I have to admit that goat meat is not popular — or even well-known — in the Western World*. I am not sure what the cause might be, perhaps goat meat does not lend itself to the type of economy of scale that is possible with beef.
In the Caribbean, however, this is not the case: goat meat is a popular choice, a special treat even. In the Dominican Republic, the Northwestern region is well-known for its famous dish: Chivo Liniero Guisado Picante (Spicy Goat Meat Stew), a spicy stew of tender and flavorful goat meat.
The secret to this regional delicacy is fresh, wild oregano and flavorful and fierce Scotch bonnet peppers. Local lore tells us that the goats feed from the wild oregano, seasoning themselves while they still breathe and walk. How convenient.
I may be biased, but I have the nagging suspicion that the goat meat one finds outside this region is sub-par. At least in my experience. While my local supermarket is pretty good when it comes to their butcher section, in the end I vastly prefer it back in my hometown.
So, if you want to try the original, the best stewed goat in the world (I may be exaggerating, but only a bit), travel to Montecristi, home of the free-range, wild-grown ingredients that make this dish famous throughout our country.
And before I hear it from some of you, yes, goat is also a traditional dish in the south too. And to honor that other tradition, you can see it served (photo right above this) with the delicious Chenchén (Cracked Corn Pilaf) which originated in that region of the country.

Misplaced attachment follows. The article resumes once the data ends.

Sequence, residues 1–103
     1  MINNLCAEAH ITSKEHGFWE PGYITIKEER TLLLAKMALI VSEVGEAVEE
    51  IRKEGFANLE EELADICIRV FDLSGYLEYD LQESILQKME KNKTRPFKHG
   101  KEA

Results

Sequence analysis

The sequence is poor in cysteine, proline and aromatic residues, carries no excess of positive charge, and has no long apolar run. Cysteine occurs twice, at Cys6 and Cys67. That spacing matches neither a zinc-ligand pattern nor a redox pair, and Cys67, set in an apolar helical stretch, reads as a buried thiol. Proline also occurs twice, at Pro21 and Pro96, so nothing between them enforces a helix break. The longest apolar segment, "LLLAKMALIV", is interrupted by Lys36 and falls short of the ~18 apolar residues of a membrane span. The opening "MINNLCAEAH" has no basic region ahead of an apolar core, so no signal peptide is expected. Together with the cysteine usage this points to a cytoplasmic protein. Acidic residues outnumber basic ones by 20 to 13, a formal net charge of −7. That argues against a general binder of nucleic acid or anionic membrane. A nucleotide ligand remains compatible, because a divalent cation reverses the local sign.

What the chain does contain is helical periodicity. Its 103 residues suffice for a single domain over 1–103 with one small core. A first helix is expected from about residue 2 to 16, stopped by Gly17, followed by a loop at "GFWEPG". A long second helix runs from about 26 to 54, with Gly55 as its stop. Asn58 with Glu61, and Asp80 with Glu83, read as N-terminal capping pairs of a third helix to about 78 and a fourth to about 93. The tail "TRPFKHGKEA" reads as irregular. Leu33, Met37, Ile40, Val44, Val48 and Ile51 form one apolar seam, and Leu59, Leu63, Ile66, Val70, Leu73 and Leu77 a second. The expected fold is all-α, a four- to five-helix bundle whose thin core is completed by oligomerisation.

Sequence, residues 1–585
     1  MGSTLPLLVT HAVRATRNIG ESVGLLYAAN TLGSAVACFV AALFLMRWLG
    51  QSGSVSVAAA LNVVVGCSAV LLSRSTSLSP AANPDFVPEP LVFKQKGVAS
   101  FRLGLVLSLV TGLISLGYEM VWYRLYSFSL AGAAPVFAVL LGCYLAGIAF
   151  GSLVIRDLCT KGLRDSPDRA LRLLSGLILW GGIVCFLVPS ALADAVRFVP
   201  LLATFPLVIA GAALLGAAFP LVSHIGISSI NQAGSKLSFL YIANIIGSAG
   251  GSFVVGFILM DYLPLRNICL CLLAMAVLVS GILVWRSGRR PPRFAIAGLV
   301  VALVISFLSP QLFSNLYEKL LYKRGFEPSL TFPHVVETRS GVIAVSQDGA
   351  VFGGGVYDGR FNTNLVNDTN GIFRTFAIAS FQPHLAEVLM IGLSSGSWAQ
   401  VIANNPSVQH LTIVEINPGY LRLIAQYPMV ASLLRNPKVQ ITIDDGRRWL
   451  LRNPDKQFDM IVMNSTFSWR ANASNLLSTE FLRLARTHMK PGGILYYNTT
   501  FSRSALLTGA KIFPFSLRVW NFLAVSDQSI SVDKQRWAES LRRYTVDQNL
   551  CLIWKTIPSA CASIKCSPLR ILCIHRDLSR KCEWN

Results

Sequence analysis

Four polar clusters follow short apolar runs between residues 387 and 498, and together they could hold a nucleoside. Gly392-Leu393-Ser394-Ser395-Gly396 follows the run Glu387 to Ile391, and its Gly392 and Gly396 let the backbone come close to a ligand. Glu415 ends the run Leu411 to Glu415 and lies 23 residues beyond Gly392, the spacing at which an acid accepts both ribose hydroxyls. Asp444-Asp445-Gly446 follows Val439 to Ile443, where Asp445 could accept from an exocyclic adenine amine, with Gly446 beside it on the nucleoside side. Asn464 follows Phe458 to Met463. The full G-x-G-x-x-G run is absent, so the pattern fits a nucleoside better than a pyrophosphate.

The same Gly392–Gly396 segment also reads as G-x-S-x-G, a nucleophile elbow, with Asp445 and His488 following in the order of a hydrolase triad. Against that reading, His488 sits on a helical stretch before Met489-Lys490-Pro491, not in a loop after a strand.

- 2 limes or 1 bitter orange cut into halves
- 4 lb [1.8 kg] of goat meat cut into small pieces
- 1 teaspoons of powdered oregano
- 1 red onion cut into quarters
- 2 teaspoons of mashed garlic
- 2 cubanela peppers
- 1 1/2 teaspoons of salt (or more, to taste)
- 1 tablespoon of oil
- 1 tablespoons of sugar
- 3 cups of water (may need more)
- 1 tablespoon of chopped fresh cilantro
- 4 plum tomatoes cut into quarters
- 1 cup of tomato sauce
- 1/4 cup of rum (optional, see notes)
- 1/2 scotch bonnet pepper (or 2 jalapeños) finely chopped
Squeeze the juice of the limes (or bitter oranges on the meat). Scrub the meat and rinse with running water.
Mix the meat, oregano, onion, garlic, cubanela peppers and a teaspoon of salt. Marinate covered in the fridge for an hour, overnight is better.
Heat the oil in a deep-bottomed pot. Add the sugar.
Separate the meat from the onions and peppers. Reserve the onions and peppers.
When the sugar turns brown add the meat. Stir (being careful with splatters) until all the meat has a light brown color.
Add 1/2 cup of water. Cover and simmer over medium heat. Add water in small quantity as it becomes necessary until the meat is very tender (about 35 mins), turning every few minutes to cook uniformly.
Once the meat is tender add the onions, cilantro, tomato, cubanela and Scotch bonnet peppers.
Cook over low heat until the vegetables are tender. Add tablespoons of water if it looks like it might burn. Add the tomato sauce and rum. Mix well. Add 2 cups of water and simmer until liquid is reduced to a thin sauce. Season with salt to taste.
With this dish you can go as spicy (or not) as you wish. Bear in mind that Scotch bonnets are insanely spicy. If you are not into spicy food I suggest that you start with a quarter of it (no seeds) and go from there.
Some people find goat meat a bit too "gamey" for their taste, especially if it came from an old animal. One common solution is to add dry red wine or rum to the sauce. Please keep in mind that if you add rum it is best not to serve it to children.